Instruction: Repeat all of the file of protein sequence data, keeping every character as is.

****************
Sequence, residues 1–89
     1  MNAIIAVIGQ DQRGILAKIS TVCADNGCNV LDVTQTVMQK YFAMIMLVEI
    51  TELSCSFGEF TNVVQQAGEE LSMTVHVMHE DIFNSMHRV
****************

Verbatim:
Sequence, residues 1–89
     1  MNAIIAVIGQ DQRGILAKIS TVCADNGCNV LDVTQTVMQK YFAMIMLVEI
    51  TELSCSFGEF TNVVQQAGEE LSMTVHVMHE DIFNSMHRV